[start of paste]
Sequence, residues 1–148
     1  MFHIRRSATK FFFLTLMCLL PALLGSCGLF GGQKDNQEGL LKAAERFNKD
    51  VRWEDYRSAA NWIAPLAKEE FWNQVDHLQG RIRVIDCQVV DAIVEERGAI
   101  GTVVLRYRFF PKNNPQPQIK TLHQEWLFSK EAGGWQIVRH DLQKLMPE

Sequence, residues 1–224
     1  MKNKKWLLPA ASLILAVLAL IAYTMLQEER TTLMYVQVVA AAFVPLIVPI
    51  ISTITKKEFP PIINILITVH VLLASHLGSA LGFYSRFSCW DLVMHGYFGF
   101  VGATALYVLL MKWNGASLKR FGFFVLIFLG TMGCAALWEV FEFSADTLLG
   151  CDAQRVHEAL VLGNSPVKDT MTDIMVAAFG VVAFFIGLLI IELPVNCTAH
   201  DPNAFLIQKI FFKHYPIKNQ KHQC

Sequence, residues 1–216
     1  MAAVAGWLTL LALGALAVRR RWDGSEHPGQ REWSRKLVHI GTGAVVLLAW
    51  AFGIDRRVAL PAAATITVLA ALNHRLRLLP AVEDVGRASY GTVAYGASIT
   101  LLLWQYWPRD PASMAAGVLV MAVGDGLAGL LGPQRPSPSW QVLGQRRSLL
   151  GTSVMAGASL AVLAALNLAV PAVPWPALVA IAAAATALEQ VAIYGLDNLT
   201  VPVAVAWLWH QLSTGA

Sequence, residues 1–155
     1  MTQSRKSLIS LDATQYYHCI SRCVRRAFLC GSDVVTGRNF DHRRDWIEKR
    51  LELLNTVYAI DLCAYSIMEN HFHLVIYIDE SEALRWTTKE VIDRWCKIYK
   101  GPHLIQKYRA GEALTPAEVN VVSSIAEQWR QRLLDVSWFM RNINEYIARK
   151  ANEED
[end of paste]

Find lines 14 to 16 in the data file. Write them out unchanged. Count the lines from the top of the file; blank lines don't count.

   101  LLLWQYWPRD PASMAAGVLV MAVGDGLAGL LGPQRPSPSW QVLGQRRSLL
   151  GTSVMAGASL AVLAALNLAV PAVPWPALVA IAAAATALEQ VAIYGLDNLT
   201  VPVAVAWLWH QLSTGA